Stephen J. Harper's hockey history includes spectral prime ministerial presence

Associated Press

OTTAWA - There's the ghost of a prime minister lurking somewhere between the words of Stephen J. Harper's gorgeously bound, deeply researched and impressively illustrated and footnoted hockey history.

"A Great Game: The Forgotten Leafs and the Rise of Professional Hockey," is the tale of Canadian hockey's beginnings at the turn of the 20th century and the war between amateurism — with all its character- and nation-building ideology — and the early barnstorming, paid professionals.

Prime Minister Harper famously moonlighted as an author throughout much of his now almost eight years in office, an achievement only exceeded by William Lyon MacKenzie King's obsessive work as a prime ministerial diarist.

But where King chronicled his personal and political life, Harper disappears behind his hockey subject matter so completely that the author forms an almost photographic negative: What is not there defines the spectral image.

In the book's acknowledgments, Harper says his writing served "as a distraction from the hectic and obsessive nature of political life."

Compulsively detailed, the book's intricate player moves, contract disputes and ownership battles — not to mention century-old scoring feats — can be eye-glazing.

There are occasional vivid descriptions of the early game, and any student of hockey will appreciate Harper's research on rule changes that gradually opened up the sport.

Harper has said he worked on the book for about 15 minutes each day, and it probably should be read the same way.

But the narrative truly lifts when "A Great Game" chronicles the granite personalities who shaped the early trajectory of the sport in a young, hockey-obsessed country.

Here also flits the ephemeral ghost of the author.

John Ross Robertson, the book's central figure, is described by Harper as a man with a "breath-taking proclivity for control" who achieved a remarkable degree of power "not only through long hours of dedicated service, but also by constitutional manipulation and self-promotion bordering on self-mythologizing."

Robertson's iron control of the Ontario Hockey Association, with its powerful ideological aversion to professionals in sport, resulted in "enforced conformity" and an echo of modern political battles. Writes Harper, "in their search for an enemy, the OHA brain trust would create one."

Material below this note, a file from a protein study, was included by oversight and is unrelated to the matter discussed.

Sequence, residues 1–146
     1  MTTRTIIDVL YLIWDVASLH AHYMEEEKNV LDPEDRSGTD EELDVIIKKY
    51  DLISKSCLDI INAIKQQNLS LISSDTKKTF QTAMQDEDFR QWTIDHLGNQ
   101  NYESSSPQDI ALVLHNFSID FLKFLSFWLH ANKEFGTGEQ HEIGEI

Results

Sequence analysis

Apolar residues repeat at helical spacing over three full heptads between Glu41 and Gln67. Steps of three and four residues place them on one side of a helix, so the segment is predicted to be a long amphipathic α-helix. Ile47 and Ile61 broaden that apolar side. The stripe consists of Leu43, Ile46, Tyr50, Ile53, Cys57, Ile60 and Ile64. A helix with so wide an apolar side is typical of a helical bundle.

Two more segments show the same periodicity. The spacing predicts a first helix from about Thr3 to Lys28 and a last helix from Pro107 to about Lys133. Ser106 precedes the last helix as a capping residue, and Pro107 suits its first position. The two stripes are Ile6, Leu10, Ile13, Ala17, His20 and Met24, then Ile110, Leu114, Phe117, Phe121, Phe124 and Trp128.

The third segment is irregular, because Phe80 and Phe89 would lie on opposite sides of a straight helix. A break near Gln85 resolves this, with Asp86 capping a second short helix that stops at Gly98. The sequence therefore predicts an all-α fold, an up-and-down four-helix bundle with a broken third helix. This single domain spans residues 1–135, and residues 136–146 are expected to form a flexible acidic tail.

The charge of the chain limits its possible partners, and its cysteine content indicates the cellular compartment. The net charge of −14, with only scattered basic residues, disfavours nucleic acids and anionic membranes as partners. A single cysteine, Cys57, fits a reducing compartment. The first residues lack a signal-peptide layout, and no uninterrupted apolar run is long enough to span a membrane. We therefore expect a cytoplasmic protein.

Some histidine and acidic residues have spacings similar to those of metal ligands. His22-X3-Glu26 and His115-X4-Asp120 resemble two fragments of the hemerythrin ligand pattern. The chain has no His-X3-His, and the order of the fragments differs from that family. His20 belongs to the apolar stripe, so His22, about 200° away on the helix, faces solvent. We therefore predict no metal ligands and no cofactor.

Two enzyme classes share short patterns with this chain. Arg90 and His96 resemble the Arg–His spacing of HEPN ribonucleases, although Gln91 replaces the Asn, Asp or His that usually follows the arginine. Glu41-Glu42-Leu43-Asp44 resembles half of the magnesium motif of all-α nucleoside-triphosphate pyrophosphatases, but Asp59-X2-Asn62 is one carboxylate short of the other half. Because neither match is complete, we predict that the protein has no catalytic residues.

There's not a hint of introspection, rueful self awareness or irony in Harper's account of the powerful J.R.R. — a man of towering contradictions.

Similarly, the death of the professional National Hockey Association and its immediate rebirth as the NHL, including its 1924 American expansion to Boston, is portrayed as a highly personal battle between former Montreal sports reporter Frank Calder and Toronto team owner E.J. Livingstone.

Livingstone, writes Harper, was a "combative, sanctimonious and generally difficult personality" who "expected others to live rigidly by the rules while he would skirt their spirit."

The "iron rule" of NHL president Calder won the day.

Author Harper, a master political tactician, offers no insight into this clash of personalities.

Harper describes turn-of-the-century Toronto with a dispassionate, clinical eye and his passing mention of the 1911 "reciprocity" election which rejected free trade with the United States is also devoid of any modern prime ministerial hindsight or analysis.

There are some nice echoes of the modern game from Harper, a devoted hockey fan.

"Managers pleaded for the need to control salaries (in 1908-09) at the same time as they agreed to bigger contracts," he writes — a situation recognizable to any 21st century fan.

Or how about a 1908 complaint that the "chaotic competition for the ringer-infested Stanley Cup had become a 'joke.'"

And author Stephen J. finally loosens up in the 14th chapter, called "Overtime," where he mentions the entry of professionals into the Olympics by describing the Olympic movement as "an unholy alliance of European elitists and Soviet communists who were really marketing nationalism more than amateurism."

Again, though, there's no self-reflection from the prime minister/author who was writing his book's home stretch when his Conservative government trumpeted Vancouver's flag-draped Winter Games in February 2010.

It is tempting to ascribe the absence of a clear prime ministerial voice in "A Great Game" to either heroic self-discipline or a complete absence of self-awareness.

But then back comes the ghost of Stephen J., winking around the book cover on the very last page.

The closing paragraphs of "A Great Game" summarize how the mighty J.R. Robertson won the battle over amateurism only to lose the longer war.

Harper provides an unvarnished lament for modern professional hockey, peopled by "millionaire players ... motivated more by greed than any devotion to the national game," even wealthier owners "making profits off a ridiculously long season and a largely needless playoff system," and of "team loyalties ... sold as commodities."

Old J.R. Robertson would have conceded his vision of amateurism lost out, but would still say the battles of a previous century were worthwhile, Harper asserts, quoting Robertson's own words:

"A poor man is he who journeys through the mazes of a busy world with no purpose in view, no ambition to serve."

Harper concludes: "In other words, and without hesitation, he would do exactly the same."

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